To effectively combat environmental degradation and climate change, we need to listen to one another – as individuals, as states and as nations – to work together to overcome these global crises. Instead, we are seeing a selfish “me-first” sort of attitude at all levels
In Inner Mongolia, the grasslands are turning to sand. The deserts in this region of China are expanding – now ~28% of the land surface, up from 18% in 1994. It hasn't rained in 6 years. Sandstorms are increasingly common, increasing respiratory problems in the region, especially for children and the elderly. These problems are due to desertification, an old problem largely due to unsustainable development, including over-cropping, over-grazing, improper irrigation practices, and deforestation. It is largely preventable. Rather the government chooses to pursue profit, with year-round grazing and coal mining.
In Egypt, the government also chooses a destructive path for the future, attempting to “green the desert”. The government is encouraging people to move to the desert by pursuing a plan to reclaim 3.4 million acres of desert over the next 10 years. The plan involves massive irrigation from the Nile river. This is a disastrous and irresponsible plan, likely (in the long run) to cause more problems than it solves. The strain on resources will be enormous, and will create tensions between nations that share the Nile. These sorts of environmental tensions are dangerous, given the growing evidence of environmental links to the genocide in neighboring Darfur, Sudan.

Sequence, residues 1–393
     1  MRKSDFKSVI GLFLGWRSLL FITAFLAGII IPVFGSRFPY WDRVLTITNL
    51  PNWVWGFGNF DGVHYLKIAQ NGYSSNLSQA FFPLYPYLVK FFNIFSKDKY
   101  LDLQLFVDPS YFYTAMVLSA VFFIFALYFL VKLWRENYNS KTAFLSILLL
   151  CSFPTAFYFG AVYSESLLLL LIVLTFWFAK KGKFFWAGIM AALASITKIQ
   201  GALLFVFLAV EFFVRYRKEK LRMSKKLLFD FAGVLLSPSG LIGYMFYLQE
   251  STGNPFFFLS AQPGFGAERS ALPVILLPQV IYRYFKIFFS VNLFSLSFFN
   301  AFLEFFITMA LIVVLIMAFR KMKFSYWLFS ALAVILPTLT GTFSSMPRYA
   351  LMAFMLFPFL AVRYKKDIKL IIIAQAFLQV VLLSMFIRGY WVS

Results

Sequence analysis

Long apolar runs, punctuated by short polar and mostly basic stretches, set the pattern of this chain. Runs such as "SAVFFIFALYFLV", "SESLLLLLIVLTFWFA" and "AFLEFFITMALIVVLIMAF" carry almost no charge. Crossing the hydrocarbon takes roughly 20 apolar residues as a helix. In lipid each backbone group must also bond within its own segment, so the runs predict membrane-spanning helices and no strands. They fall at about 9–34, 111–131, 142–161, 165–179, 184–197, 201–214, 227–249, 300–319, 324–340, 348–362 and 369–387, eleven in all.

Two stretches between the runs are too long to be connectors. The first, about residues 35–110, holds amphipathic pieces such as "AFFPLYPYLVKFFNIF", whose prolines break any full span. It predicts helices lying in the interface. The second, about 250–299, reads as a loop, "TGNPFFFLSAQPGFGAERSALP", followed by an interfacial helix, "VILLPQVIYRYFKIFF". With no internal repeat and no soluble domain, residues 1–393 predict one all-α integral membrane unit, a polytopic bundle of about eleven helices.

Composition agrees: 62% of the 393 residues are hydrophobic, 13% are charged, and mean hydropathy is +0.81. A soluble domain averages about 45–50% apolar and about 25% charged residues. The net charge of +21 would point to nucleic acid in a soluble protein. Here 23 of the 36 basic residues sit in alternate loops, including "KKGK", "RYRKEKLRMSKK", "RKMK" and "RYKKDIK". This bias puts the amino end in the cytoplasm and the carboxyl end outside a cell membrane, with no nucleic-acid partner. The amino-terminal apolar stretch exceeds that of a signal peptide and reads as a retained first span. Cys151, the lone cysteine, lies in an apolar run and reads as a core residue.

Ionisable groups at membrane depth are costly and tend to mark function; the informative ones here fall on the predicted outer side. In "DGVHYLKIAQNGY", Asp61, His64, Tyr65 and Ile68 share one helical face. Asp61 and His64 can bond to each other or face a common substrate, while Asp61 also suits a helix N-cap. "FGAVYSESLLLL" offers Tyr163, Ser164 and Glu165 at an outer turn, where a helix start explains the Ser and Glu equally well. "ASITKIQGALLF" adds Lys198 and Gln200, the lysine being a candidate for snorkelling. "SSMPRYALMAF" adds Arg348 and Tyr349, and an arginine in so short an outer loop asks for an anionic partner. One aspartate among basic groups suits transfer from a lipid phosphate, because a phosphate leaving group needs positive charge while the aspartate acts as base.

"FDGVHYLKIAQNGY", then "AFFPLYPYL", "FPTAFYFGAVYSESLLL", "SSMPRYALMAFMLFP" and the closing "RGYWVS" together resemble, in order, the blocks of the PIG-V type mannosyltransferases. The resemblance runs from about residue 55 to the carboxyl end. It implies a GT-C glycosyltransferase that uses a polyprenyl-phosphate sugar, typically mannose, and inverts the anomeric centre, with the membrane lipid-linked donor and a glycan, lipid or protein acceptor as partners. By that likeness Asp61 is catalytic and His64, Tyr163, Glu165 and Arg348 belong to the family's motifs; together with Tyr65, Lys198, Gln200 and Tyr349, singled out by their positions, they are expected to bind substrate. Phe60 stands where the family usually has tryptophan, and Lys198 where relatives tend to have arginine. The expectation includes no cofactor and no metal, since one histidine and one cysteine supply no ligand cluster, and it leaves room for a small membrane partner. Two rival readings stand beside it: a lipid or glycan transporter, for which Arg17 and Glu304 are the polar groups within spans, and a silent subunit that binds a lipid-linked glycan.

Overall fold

A final example of short-sighted behaviour comes from Indonesia. There, the government is practicing “eco-extortion”, demanding payment of $5-$20 per hectare not to destroy its remaining forests. To me, this reeks of greed and pure profit motive. “Pay us or we'll damage the environment” -- a fit of childish pique. The developed nations of the world do have an obligation to assist still-developing nations in overcoming the perils inherent in our current future path. As a matter of fairness, these nations need to have their standards of living raised, but this sort of blackmail should be resisted.
While these examples are focused on the developing world, these nations are merely following the example the developed nations have set in the past. We are more guilty of these sins. Our behaviour must be changed if we expect others to follow. Leading-by-example is the best way to blaze the trail forward.
The current focus on short term profits is unhealthy, a hangover of the sort of 19th and 20th century thinking which brought about this mess in the first place. It is time for humanity to grow beyond this and redefine prosperity. A new economy is needed, with proper accounting for the “services” the environment provides. A move away from rampant consumerism and endless economic growth and acceptance that the word's resources are finite is crucial.